And so, in the retirement stories, you get bizarre summations like this one, from Paul Wilson’s oddly half-heartedGuardian write-up: “His career choices may not have been ideal, his lifestyle questionable and his fitness, particularly his knees, suspect throughout, but in spite of all that Ronaldo deserves to be remembered as a remarkable player.” In spite of being the person who became a remarkable player, Ronaldo deserves to be remembered as a remarkable player. This is where you can either stay alive to what’s wonderful about sports or give up and admit you see players as oil wells. Ronaldo isn’t a quantifiable reserve of potential that was never efficiently tapped or a set of character traits that never reliably pumped out his natural talent. He’s a person, the interface of whose personality with the world produced some breathtaking moments in a game.
Ronaldo’s 1996-97 season with Barcelona was the sort of event in sports that you simply can’t count on witnessing. Rather than lamenting that it didn’t happen again, we should be marveling that it happened in the first place. Is it worth pointing out, too, that Ronaldo’s so-called decline wasn’t exactly the stuff of horror? He won a World Cup in 2002, scoring eight goals along the way; won two La Liga titles with Real Madrid; netted hundreds of goals; successfully retooled his game after twice rupturing a tendon in his knee; picked up two more FIFA World Player of the Year awards; and, after moving back to Brazil in the twilight of his career, won two trophies with Corinthians in 2009. I wish more athletes were such comprehensive failures.
What I loved most about watching Ronaldo was that—quite possibly because of the same vague goofiness that made him into a laughingstock—he never stopped playing like the game was just unbelievable fun. Two of my favorite Ronaldo moments came in games that had nothing, or very little, to do with the grim task of beating the competition. The first is the jaw-dropping goal he scored at a charity match in 2002. He and his Real Madrid teammate Raul pirouette in tandem through the entire defense, Raul plays the final pass just behind Ronaldo, and Ronaldo—casually, as if he did this sort of thing all the time—flips the ball up over his body with his heel, controls it with his chest, and slices it into the back of the net past the diving goalkeeper’s hands.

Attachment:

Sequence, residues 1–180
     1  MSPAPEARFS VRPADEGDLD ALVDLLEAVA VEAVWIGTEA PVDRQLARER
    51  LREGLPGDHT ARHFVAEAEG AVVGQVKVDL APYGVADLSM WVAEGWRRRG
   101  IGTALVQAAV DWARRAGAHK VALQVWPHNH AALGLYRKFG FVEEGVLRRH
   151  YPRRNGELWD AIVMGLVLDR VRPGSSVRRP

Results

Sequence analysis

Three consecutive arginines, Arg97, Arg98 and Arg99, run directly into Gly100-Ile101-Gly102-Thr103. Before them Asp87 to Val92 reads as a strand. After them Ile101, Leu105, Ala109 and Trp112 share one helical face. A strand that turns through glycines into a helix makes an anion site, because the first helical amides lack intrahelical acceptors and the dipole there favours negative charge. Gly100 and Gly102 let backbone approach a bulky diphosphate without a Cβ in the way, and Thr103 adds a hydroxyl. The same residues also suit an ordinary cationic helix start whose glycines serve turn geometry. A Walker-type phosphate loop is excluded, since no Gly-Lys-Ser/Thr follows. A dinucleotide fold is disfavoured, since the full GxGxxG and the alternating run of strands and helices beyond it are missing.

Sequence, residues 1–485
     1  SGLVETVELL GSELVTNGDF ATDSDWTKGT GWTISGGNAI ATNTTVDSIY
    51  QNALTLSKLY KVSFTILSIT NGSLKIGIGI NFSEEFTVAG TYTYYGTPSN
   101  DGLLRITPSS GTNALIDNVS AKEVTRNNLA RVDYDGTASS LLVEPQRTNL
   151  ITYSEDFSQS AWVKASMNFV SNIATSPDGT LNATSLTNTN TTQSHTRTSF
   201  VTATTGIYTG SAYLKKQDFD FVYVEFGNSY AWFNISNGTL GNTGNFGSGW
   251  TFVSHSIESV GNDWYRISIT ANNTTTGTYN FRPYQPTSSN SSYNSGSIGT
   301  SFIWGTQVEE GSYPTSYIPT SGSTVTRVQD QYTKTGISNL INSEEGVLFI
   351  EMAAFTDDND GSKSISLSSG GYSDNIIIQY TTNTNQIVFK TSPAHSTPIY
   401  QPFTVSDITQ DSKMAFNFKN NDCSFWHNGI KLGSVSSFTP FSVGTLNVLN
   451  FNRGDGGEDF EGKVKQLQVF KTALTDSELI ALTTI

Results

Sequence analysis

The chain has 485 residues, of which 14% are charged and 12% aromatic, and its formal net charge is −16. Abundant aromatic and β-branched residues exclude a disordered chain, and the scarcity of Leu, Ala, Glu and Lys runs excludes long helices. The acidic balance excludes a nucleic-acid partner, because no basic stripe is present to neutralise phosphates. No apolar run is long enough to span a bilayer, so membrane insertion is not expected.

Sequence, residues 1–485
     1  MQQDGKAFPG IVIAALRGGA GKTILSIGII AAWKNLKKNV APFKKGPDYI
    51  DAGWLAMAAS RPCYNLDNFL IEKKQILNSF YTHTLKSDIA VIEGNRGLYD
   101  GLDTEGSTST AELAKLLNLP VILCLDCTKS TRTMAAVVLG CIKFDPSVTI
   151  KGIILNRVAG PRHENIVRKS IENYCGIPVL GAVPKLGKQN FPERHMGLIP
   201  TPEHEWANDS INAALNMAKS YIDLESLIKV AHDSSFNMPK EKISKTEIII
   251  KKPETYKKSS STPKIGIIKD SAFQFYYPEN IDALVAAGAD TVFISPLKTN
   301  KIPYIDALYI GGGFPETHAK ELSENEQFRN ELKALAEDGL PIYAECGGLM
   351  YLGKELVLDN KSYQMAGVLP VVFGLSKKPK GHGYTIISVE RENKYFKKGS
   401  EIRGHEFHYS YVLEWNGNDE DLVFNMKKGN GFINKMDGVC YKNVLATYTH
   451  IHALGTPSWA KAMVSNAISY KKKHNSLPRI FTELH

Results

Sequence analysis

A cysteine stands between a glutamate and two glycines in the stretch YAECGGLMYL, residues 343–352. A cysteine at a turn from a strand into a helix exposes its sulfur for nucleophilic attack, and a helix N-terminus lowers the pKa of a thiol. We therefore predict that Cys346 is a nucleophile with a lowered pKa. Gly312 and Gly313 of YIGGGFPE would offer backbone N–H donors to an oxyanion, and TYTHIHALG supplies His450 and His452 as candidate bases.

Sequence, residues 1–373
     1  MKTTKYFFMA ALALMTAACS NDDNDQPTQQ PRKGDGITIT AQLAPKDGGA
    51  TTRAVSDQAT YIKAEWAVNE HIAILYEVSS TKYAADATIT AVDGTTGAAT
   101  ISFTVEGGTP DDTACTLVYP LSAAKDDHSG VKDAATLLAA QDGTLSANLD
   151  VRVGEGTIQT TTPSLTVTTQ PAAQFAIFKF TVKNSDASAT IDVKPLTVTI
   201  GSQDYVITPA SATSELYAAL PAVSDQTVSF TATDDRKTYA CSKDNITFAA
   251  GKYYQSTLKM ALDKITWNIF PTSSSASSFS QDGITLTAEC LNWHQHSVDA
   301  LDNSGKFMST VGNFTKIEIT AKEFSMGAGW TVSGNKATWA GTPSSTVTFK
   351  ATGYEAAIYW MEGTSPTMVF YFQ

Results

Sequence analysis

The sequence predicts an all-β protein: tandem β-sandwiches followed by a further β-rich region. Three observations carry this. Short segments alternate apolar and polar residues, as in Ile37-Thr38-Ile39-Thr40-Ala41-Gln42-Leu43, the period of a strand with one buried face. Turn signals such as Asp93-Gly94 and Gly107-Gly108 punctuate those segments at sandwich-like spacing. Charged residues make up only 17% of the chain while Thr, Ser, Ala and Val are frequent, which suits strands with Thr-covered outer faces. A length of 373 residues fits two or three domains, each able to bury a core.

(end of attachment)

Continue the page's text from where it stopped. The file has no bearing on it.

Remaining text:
My other favorite moment came in 2008. Ronaldo, now very much in his dotage as a high-level player, made a rare start for A.C. Milan after a season of injuries. The game, against Napoli, was notable for marking the debut of the hotly touted 17-year-old Brazilian striker Alexandre Pato. Ronaldo, visibly delighted to be playing in Pato’s first match—and can you imagine, say, Michael Jordan being visibly delighted in those circumstances?—scored twice himself, including the match-winning goal, then spent the rest of the game trying to get Pato on the score sheet, urging the kid along, bounding around the pitch like he thought he was 17, too. When Pato finally scored, it wasn’t clear which of them was happier.
Remarkably, it’s that same feeling of exhilaration that comes across in the astonishing video of all his goals from the miracle year with Barcelona, as if he’d made the competitive aspect of the game secondary to pure play. Beckham made the game feel like a spy movie; Zidane made it feel like a war. Ronaldo made it feel like joy.